... attempt to teach the Trinity in the last five minutes of class, only to have my students call me on it with fantastic questions, like: "If Jesus is part of God and God is one, why does Jesus say, "My God, why have you forsaken me?"
... meet a wonderful family from Ecuador at a bus stop in Assisi, and end up spending a good part of the day with them in Florence.
... fall in love with the heart of Europe
... take Auds and Curt to the finest gluten-free pizza restaurant in Bratislava
... chaperone a youth trip to a conference in the Hague and end up keeping (and now, packing) my notes from the sermons--seriously good theology
... preside at communion for the first time from an ironing board in eastern Slovakia
... laugh so much with my internship committee and my supervisor
... preach a bilingual sermon on the Great Commission in the village of Háj
... face some of my worst fears--ones I didn't even know I had--realize how much I need God's help, and the help of the Body of Christ ... and come out OK
I think Sean and I both knew we were in for an adventure a year ago, getting antsy at the Summer Missionary Conference ... both ready to go and not at all ready to go. We guessed that we would come to love Slovakia and the people we work with, here. Ultimately, we were always just long-term visitors here: called to be partners, but also to remain outsiders. And yet ... we've become more invested than the average visitor, more at home than the word "outsider" implies.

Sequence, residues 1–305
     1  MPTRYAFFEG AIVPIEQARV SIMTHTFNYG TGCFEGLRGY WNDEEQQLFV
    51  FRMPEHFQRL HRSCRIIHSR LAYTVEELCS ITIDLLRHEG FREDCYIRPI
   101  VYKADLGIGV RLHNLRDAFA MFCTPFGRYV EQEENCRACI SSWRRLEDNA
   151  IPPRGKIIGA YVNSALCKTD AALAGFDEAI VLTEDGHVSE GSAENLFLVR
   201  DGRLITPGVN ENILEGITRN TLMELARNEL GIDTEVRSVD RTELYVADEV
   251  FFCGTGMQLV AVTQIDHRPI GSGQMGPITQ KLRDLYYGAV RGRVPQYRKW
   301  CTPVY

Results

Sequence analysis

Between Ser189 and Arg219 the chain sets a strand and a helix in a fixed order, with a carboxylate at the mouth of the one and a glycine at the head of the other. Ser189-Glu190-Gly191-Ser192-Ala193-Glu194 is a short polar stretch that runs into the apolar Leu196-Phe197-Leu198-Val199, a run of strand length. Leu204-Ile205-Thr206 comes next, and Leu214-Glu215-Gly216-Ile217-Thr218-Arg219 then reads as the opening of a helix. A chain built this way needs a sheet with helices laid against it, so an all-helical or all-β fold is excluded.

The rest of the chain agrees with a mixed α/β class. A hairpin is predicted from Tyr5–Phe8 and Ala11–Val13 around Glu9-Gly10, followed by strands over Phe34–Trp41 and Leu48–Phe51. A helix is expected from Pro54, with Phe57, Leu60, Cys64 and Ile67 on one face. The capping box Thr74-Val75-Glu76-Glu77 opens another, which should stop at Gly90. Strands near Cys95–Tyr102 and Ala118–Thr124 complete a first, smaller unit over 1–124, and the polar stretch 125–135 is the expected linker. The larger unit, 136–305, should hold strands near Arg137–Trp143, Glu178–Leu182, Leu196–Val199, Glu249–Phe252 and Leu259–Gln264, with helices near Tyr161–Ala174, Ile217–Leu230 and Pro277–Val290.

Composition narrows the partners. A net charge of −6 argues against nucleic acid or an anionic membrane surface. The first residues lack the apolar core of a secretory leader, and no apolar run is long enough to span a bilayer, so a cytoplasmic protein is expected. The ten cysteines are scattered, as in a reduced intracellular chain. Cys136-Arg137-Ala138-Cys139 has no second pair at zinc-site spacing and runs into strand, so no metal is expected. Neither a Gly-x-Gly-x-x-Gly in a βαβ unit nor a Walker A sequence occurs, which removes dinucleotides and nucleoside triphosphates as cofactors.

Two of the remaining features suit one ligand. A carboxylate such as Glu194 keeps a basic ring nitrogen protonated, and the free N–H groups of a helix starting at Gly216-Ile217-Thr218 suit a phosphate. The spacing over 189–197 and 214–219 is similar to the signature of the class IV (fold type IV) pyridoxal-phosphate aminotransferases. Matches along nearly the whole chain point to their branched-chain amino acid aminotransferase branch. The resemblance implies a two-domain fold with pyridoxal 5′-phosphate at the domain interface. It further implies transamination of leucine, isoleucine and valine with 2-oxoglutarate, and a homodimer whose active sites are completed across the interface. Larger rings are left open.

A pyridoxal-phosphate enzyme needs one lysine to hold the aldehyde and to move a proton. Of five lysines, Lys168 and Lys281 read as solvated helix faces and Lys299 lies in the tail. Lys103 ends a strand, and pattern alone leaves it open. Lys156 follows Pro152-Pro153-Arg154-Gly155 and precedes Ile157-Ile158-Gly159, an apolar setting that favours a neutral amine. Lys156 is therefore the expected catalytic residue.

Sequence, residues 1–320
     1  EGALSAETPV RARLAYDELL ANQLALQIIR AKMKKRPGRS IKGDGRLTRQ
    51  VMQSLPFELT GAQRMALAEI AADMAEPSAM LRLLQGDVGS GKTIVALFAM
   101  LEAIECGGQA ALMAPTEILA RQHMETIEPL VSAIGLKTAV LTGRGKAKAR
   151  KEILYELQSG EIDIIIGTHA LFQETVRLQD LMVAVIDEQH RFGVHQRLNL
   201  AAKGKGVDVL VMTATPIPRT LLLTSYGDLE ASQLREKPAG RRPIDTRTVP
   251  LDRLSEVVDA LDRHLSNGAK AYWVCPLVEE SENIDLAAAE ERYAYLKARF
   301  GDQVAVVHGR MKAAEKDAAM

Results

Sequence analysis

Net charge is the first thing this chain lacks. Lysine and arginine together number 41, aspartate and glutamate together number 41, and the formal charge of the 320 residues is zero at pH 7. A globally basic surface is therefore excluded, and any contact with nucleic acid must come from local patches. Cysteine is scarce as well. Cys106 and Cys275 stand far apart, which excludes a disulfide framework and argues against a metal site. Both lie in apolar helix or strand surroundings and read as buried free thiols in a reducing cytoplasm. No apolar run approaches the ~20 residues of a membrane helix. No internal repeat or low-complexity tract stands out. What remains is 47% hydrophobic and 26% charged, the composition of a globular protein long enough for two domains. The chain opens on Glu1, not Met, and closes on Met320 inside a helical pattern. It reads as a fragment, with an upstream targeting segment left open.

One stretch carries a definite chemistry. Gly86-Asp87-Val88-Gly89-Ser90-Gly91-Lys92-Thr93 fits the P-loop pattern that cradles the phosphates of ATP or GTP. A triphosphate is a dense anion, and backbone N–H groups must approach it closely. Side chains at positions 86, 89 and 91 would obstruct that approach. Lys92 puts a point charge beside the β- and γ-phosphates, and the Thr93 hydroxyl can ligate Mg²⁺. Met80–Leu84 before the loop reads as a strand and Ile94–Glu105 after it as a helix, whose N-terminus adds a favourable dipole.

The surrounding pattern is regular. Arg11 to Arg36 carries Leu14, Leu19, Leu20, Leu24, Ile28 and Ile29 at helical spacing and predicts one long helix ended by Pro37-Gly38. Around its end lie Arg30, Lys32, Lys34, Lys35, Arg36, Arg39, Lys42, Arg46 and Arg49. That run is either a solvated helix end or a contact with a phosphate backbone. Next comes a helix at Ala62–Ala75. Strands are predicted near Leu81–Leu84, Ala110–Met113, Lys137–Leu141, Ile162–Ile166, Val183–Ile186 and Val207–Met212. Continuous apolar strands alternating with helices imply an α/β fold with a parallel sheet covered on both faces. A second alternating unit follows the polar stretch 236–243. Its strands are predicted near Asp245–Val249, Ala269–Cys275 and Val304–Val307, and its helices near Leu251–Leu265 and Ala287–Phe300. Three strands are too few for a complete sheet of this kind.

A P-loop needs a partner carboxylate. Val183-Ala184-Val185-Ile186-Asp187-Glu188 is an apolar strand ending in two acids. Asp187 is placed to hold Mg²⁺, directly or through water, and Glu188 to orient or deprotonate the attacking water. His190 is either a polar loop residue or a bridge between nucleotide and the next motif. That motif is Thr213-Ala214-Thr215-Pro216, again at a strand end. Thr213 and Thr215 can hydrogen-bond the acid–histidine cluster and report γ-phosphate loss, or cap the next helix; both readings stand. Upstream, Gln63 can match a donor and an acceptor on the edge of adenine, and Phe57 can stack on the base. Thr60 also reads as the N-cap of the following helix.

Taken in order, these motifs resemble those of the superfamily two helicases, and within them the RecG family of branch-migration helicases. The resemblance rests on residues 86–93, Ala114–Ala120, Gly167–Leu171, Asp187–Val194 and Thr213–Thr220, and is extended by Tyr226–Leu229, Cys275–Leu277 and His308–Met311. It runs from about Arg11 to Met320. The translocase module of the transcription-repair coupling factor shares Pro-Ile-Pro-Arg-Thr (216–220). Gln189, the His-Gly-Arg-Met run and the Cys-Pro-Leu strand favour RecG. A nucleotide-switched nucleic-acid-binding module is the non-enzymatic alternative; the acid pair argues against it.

Sunday will be my last service at BIC--David and Carla left for the US this morning, and I woke up with a strong sense of loss (and then went back to bed.) We are packing and getting ready to go, but not in a particularly stressed out way. Keep us, and the many, many missionaries in transition right now, in your prayers.
Saturday, June 27, 2009
Before we even got inside, however, there was, in good Slovak tradition, a program. A military band played surprisingly swingy, poppy tunes; majorettes twirled flawlessly; men in feathered hats shot blanks at each other in time to music, making us all jump and hold our ears in a delighted way. A well organized corp of the president's guard marched out to the center with their rifles to "Carmina Burana." As the group got into formation, the music quickly changed to "Misirlou", then to "Sweet Dreams Are Made of These" by the Eurythmics, and a professionally but also whimsically choreographed routine with dance and rifles unfolded. Another techno/dance tune followed, and Sean and I grinned at each other as we strained to see over the (now huge, excited) crowd.